and Kansas, including Nicodemus.
 
Mary Fields:Escaped slavery and settled in Montana, where she became an expert stage driver to
deliver the mail.
 
These two books will provide additional information about the role of blacks in the development of the
West: The Black Frontiersman by J. Norman Heard and Exploring Black America by Marcella Thum.
 
Tale Telling Telling stories was a favorite pastime of the pioneers. As a summarizing activity, have students
sit in a circle and pretend they are in the dugout. Start a prairie adventure, and let each (child) add a
sentence to it. Some story-starters are: "The night of the terrible prairie fire, we..." "When we heard the
snake's tail rattle, we knew that..." and "It was so cold in the dugout, we..." As a followup, encourage
interested students to write their own prairie adventures to share with others."
 
Geography: Ed Muldie's Map Map out the road from Nicodemus to Solomon together. Measure the
distance to make sure it was 150 miles and then possible count using your intuition on time about how many
miles the boys traveled in a day. Then display your map somewhere.
 
"Language Arts: What Would Willie Say? In the book eleven-year-old Johnny tells the story. How would
eight-year-old Willie tell it? or three-year-old Little Brother? or old Mrs. Sadler? Invite students to describe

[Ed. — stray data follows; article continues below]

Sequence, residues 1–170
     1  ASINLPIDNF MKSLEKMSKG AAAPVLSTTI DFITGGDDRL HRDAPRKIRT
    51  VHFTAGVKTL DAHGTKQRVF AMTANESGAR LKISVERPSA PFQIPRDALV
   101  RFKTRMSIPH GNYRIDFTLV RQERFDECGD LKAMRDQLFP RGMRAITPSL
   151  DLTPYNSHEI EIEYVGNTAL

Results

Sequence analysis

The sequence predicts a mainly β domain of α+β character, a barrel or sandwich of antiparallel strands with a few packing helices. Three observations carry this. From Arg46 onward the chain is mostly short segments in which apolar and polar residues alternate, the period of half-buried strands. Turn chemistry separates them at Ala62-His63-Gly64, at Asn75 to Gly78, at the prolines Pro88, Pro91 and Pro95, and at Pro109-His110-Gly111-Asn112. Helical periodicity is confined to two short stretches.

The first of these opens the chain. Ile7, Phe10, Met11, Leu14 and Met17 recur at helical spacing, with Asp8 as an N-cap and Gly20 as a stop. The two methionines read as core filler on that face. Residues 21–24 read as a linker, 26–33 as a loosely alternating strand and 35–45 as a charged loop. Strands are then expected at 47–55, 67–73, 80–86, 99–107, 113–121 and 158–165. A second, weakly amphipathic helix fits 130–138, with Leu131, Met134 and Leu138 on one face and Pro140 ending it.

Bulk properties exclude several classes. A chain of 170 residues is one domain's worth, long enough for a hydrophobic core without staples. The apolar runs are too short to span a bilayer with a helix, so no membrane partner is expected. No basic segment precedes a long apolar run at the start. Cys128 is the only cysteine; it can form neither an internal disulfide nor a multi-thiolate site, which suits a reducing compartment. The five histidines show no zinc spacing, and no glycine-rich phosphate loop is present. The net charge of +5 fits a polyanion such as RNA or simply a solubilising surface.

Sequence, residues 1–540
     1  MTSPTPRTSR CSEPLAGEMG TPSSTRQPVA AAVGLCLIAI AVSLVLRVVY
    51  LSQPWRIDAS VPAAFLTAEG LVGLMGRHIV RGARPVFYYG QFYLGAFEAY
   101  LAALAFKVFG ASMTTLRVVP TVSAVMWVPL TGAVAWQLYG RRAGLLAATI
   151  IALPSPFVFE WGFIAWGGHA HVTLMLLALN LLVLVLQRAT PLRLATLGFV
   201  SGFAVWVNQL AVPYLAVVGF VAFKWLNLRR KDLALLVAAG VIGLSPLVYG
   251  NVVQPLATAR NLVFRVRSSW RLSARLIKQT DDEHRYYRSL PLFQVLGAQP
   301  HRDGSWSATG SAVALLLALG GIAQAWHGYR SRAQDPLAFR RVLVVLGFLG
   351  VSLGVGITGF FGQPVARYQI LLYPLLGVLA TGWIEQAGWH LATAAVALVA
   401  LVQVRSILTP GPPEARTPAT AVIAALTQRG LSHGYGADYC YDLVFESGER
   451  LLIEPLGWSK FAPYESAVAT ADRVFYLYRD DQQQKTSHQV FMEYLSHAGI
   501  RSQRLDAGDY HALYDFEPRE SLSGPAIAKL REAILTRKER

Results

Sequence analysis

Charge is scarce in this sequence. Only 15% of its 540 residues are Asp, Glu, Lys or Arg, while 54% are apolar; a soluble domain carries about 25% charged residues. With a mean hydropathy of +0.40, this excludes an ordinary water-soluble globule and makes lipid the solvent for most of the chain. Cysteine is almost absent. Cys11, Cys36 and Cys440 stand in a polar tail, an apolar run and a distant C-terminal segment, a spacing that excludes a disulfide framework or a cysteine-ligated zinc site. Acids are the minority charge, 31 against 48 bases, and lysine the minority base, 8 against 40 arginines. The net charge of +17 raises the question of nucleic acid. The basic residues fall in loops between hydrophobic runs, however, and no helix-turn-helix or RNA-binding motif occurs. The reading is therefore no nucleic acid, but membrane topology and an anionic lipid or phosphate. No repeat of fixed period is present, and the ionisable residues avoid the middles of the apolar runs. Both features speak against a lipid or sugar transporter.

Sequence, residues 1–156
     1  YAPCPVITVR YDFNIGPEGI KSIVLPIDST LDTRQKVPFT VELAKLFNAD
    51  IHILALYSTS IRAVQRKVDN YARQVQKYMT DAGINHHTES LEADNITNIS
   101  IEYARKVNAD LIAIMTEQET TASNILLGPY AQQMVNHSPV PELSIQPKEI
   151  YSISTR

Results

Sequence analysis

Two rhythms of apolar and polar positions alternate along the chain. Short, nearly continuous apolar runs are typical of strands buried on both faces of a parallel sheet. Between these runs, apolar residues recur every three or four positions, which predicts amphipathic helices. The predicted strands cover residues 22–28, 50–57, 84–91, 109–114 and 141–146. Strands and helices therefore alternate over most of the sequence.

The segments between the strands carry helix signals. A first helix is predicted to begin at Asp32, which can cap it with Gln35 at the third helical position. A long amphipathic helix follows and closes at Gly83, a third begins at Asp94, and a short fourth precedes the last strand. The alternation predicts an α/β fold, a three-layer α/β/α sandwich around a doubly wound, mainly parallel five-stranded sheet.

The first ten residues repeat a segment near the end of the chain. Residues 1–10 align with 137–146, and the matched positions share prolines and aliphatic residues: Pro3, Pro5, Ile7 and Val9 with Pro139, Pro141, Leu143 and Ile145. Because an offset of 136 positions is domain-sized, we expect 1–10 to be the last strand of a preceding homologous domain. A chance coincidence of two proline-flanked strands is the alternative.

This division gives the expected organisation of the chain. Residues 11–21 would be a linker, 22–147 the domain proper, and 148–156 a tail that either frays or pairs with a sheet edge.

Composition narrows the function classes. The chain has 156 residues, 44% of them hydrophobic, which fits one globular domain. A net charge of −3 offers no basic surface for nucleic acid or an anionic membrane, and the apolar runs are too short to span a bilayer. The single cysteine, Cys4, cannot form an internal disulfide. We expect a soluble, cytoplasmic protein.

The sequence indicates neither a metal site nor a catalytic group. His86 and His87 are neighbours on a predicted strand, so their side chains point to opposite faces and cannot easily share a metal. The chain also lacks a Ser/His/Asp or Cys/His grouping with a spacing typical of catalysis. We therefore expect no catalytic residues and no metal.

one of the following scenes from the point of view of one of these characters. Encourage students to
illustrate their stories.
  • The Muldies arrive in Nicodemus.
  • The Muldies spend a "mean" winter in the dugout.
  • The boys live alone.
  • The people of Nicodemus escape the prairie fire.
  • The boys see the rattlesnake.
 
Pioneer Post To summarize Wagon Wheels, remind students that a post rider on horseback(might
be part of the Pony Express) delivers the letter to the Muldie boys. Ask students to pretend that they, too, are
pioneers in Nicodemus and that they are going to send a letter to a friend or relative back home in Kentucky
(or maybe their father ahead in Solomon). Have (the children) write about one of the problems the
Muldies face on the prairie. Invite students to read their finished letters to the class, then display them on a
bulletin board (or the wall titled Pioneer post or a poster board.)"